Block grants have in the past supported emissions reductions through energy efficiency and conservation measures. State and local grants have not previously been used to finance carbon removal or climate adaptation, though either categorical grants or block grants could be appropriate tools for these purposes depending on the nature of the policy. For either mechanism, using selection criteria that approximate the potential of a given state or locality to reduce emissions or remove carbon through a specific practice is likely to result in the greatest climate benefits for the grant program overall. For instance, a reforestation grant program could award grants by formula based on the area of suitable historically forested land in a state or locality, or select projects that propose to restore the greatest area of native forest.

State and local grant programs can enhance accountability and track their cost-effectiveness by establishing a clear process to evaluate issued grants against the program objectives. Metrics to be used in the evaluation process—for instance, tons of carbon removed, megawatt-hours of energy saved, or acres of forest restored—must then be collected as part of the grant reporting requirements. The results of program evaluation could inform future changes to the program funding level or, for competitively-awarded categorical grants, to grant distribution.

Key design considerations

Should the federal government issue categorical grants or block grants?

Should the administering federal agency distribute grant funds by selecting from a competitive application pool or according to a predetermined formula? What criteria should be used to select applications or set the allocation formula?

What reporting metrics will be required from grant recipients? How will grants be evaluated? Will there be an established process to adjust future grant funding based on these evaluations?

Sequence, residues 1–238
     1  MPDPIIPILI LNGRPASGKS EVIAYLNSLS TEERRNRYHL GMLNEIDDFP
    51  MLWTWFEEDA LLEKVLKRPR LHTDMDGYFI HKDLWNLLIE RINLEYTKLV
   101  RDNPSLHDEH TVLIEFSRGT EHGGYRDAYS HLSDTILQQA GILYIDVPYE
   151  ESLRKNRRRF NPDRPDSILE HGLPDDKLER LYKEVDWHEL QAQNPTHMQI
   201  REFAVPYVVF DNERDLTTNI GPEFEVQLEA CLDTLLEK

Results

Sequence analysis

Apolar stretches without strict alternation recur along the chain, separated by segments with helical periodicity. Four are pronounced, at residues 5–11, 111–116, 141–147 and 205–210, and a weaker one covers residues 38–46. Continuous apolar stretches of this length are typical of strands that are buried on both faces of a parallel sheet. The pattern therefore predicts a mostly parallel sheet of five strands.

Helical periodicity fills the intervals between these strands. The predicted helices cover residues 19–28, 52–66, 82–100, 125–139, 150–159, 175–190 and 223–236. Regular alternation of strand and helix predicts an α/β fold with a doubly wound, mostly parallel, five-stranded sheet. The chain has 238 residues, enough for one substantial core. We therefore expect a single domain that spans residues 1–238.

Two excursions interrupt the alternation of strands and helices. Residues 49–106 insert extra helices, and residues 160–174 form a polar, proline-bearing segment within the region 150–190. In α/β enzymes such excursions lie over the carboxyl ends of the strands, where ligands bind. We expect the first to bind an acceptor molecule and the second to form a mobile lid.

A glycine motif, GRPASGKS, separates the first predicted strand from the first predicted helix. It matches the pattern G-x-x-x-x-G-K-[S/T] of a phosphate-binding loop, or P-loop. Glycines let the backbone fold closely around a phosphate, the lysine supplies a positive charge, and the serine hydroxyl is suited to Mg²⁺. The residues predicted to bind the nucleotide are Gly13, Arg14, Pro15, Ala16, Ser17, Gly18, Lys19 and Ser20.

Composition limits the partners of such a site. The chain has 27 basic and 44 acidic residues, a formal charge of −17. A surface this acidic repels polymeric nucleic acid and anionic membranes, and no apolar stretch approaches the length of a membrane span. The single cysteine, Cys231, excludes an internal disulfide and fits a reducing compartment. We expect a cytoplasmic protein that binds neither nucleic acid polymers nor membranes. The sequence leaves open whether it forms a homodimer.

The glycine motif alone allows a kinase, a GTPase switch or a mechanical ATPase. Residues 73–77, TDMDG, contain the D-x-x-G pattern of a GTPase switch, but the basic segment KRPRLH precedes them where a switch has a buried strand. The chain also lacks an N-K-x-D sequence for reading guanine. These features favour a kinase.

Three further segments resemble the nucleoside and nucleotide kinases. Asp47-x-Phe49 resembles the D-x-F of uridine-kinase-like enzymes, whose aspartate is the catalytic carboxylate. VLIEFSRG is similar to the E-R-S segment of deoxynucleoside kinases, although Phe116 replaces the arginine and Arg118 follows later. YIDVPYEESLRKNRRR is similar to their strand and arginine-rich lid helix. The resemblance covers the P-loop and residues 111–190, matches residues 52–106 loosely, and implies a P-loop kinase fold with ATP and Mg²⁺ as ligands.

U.S. experience with state and local grants 

The federal government awarded $750 billion in state and local grants in 2019, with categorical grants making up the large majority of funding. These grants made up 16.5% of the federal budget and accounted for about a quarter of the total revenues for state and local governments. State and local grants as a percentage of the federal budget have grown by 50 percent since 1990.

More than 60% of the federal government’s 2019 grant funding was dedicated to the health sector, primarily through Medicaid. The largest climate-related state and local grant program was for urban mass transportation, which received $10.3 billion. The U.S. Environmental Protection Agency administers other, smaller grant programs related to air quality and climate change, among other goals.

From 2009 to 2015, the U.S. Department of Energy distributed $3.2 billion to states and localities through the Energy Efficiency and Conservation Block Grant (EECBG) Program as part of the American Recovery and Reinvestment Act (ARRA). An independent evaluation of that program found that the EECBG avoided over 25 million metric tons of CO2, saved consumers a cumulative $5.2 billion on energy bills, and created 63,000 new jobs.

In 2019, the Climate Stewardship Act proposed creating a new categorical grant program to accelerate natural carbon removal on state-owned, locally-owned, tribal, and nonprofit-owned lands. The “Reforest America Grant Program,” if enacted, would distribute sufficient grant funding to plant 250 million trees per year by 2027.

Additional Resources